When "Little Hansel" is fired, the slow-motion shows boiling red flames and black smoke emanating from its muzzle, which are obviously gasoline-fueled. The only artillery shell propellant in use at the time would have been gunpowder, which produces a brief flash with cinders and white smoke, but no flames. See more »
Dr. John Watson:
The year was 1891. Storm clouds were brewing over Europe. France and Germany were at each other's throats, the result of a series of bombings. Some said it was the Nationalists. Others, the anarchists. But as usual, my friend Sherlock Holmes, had a different theory entirely.
See more »
During the ending credits, excerpts from the Doyle story "The Final Problem" are shown. ("The Final Problem" was the basis for the movie.) See more »
There has been a series of bombings and assassinations across Europe and if these activities continue, war will erupt and Europe will become a field of casualties and devastation. And our favorite detective Sherlock Holmes suspects Professor James Moriarty as the mastermind behind all these events.
Meanwhile, amidst the bombings and destruction which are ravaging Europe, Sherlock Holmes's partner, Dr. John Watson is finally getting married with his fiancée Mary. After being engaged in the first film, they are finally getting married and a short funny wedding scene has been reserved in the film. They're even going for a honeymoon in Brighton. Or they were supposed to go for a honeymoon.
The train the couple boarded was filled with Moriarty's henchmen and a loud, explosive battle ensues eliminating any hopes of an upcoming honeymoon. Even though Watson had been planning to retire from adventuring with Holmes after his wedding, he reluctantly becomes Holmes's partner one more time while his wife is taken care of by Holmes's brother, Mycroft. And the duo will receive an additional member to form a trio: the mysterious gypsy Madam Simza. Together, they try to stop Moriarty from continuing his cruel schemes and Holmes learns about Moriarty's plan to start a war in which he will personally benefit from.
There are lots of action scenes that keep the film exciting and keep the film running in a constant, fast pace. The action sequences are louder, much more explosive, and much more energetic than the ones present in the predecessor. They are very loud, operatic, and exuberant. But some of the battle sequences are surprisingly quiet, such as a simple chess game held between Holmes and Moriarty. While you think a chess game would be boring, Guy Ritchie filmed it as if it was a grand battle. The sounds, the atmosphere, and the dialog adds another layer of tension and makes the chess game scene more atmospheric.
Not only the action scenes, but the humor here is outstanding. Most of the jokes and humor come from the titular character himself. His bizarre behavior, regardless of his intelligence add a layer of comedy to the film. His trademark hobby, disguising into several unexpected people is just purely entertaining. If it weren't for Robert Downey Jr., the humor here would have collapsed and become a disaster.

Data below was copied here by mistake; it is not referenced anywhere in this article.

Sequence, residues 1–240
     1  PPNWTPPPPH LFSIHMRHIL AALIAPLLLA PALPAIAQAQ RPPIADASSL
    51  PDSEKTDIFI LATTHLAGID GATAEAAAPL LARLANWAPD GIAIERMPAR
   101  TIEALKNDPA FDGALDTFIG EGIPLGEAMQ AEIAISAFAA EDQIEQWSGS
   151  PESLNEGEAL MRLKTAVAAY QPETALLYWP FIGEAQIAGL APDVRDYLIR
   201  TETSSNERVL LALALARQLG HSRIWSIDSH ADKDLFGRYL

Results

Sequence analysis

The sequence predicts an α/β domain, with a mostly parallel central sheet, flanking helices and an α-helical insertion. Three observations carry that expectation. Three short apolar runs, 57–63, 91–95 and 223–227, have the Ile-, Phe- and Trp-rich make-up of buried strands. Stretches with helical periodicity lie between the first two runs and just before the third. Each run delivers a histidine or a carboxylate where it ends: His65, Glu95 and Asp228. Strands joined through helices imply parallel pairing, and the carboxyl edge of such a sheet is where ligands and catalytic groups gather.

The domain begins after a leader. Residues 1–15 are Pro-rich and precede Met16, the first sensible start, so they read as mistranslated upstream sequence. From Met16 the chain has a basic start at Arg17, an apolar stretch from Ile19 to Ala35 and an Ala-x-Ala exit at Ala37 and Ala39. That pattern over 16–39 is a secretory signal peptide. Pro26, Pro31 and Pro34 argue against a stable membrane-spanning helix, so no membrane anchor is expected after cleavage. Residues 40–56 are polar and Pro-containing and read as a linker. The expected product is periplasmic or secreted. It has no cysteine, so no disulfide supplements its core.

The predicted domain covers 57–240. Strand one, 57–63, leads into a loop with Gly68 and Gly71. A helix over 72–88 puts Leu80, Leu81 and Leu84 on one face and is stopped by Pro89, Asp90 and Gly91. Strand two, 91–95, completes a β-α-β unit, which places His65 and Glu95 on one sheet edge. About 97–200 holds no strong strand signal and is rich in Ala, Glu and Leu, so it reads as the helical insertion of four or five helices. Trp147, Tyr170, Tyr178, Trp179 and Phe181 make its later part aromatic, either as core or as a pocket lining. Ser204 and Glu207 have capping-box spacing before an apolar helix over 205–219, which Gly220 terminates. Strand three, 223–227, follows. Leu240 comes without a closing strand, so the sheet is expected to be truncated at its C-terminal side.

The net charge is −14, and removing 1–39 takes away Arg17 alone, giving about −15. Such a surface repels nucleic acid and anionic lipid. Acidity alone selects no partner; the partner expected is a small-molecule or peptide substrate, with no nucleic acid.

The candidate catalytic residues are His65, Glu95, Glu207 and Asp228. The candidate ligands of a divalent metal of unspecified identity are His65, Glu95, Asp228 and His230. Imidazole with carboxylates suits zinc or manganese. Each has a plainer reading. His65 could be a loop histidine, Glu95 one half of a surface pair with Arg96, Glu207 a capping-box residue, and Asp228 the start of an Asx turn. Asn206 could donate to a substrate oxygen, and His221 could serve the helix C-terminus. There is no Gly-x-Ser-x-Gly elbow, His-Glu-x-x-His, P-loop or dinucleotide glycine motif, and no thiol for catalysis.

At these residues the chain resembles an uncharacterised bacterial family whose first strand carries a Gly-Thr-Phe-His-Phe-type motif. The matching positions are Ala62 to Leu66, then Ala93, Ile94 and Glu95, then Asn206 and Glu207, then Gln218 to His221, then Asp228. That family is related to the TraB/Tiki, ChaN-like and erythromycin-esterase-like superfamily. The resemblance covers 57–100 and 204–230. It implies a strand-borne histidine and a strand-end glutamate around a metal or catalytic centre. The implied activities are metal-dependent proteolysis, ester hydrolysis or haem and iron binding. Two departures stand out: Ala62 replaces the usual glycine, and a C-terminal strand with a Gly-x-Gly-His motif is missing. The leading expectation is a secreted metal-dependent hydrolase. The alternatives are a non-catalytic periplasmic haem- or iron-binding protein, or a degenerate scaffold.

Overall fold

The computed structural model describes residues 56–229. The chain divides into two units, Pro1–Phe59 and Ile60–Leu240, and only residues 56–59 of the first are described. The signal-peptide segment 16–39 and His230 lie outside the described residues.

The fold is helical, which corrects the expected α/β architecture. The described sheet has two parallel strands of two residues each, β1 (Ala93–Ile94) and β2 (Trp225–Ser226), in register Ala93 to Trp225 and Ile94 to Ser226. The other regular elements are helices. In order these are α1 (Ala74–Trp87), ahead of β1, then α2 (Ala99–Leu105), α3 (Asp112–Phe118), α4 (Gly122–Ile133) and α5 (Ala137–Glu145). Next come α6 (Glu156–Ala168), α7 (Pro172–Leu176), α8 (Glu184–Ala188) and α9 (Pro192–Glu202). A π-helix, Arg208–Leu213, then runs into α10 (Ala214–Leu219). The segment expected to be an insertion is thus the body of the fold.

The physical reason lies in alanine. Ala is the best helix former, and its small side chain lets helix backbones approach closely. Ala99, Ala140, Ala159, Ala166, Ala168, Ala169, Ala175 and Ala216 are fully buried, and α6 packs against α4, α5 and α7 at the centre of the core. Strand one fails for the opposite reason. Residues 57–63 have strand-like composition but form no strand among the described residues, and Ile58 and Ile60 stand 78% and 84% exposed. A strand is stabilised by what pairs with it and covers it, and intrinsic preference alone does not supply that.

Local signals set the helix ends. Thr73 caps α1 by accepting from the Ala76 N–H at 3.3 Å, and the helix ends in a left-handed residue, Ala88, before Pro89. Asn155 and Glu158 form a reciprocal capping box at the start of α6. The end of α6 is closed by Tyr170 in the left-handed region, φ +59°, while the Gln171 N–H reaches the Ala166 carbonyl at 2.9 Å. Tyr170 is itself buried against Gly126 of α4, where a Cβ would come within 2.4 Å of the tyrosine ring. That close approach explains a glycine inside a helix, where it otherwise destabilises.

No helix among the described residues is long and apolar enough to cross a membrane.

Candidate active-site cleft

And of course, the acting and performances by the cast were brilliant and outstanding. Robert Downey Jr. is just brilliant in portraying the titular detective. He is admirable and he is really a man of talent. Don't worry, Jude Law also plays the role of Dr. John Watson perfectly. Together, they form an excellent chemistry. Also worth mentioning is Noomi Rapace as the mysterious gypsy Madam Simza, who not too long ago played the role of Lisbeth Salander in the original version of "The Girl With the Dragon Tattoo". Stephen Fry plays the role of Mycroft Holmes to perfection.
I'd like to take some time discussing the character of Professor James Moriarty. He is a very compelling villain. His professional life as a criminal mastermind is hidden beneath his profession as a professor in the University of Cambridge. He is much more intelligent, much more cunning, and much deadlier than Lord Blackwood of the previous film. While Holmes seems to be a detective that can do no wrong in the previous film, here, he will make mistakes. Here, he will feel pain. Moriarty is just a very powerful villain and a very suitable opponent for Holmes. (And remember the slow-motion scenes where Holmes elaborates his fighting strategies in his mind, Moriarty can do it too.) And to further compliment this is the performance of Jared Harris. While he may not look suitable as an antagonist, he actually makes a perfect choice.
However, the film uses too much slow-mo effects. This is largely noticeable in one particular scene which has an extensive use of slow-motion. I know the effect is mainly used to make it look more stylish but there is certainly too much of them. Running at a duration of 129 minutes, it could have been shortened if some of the slow-mo effects have been removed.
Not only the slow-mo effects, but this film seems to have lost its trademark element of mystery that is present in the first film. Even though there are some mystery present here, they are not as mind- boggling as the ones present in the first film. In the first film, there are just so many questions that popped up and Holmes really has something to work on. But here, it's not mysterious. You know the full details immediately.
Nevertheless, "A Game of Shadows" is a pleasant experience and a whole lot more fun than the original film. Its operatic action scenes will entertain the audience and its comedic scenes will add a layer of laughter. With powerful performances from the cast, this film is one not to be missed in this movie season.
Final Verdict: "A Game of Shadows" is a stylish, fast-paced, yet comedic adventure which improves upon its predecessor in several aspects, and surely a highly recommended film.
Thanks for reading my review on "Sherlock Holmes: A Game of Shadows". I do hope this review is useful.
97 of 159 people found this review helpful.
Was this review helpful to you?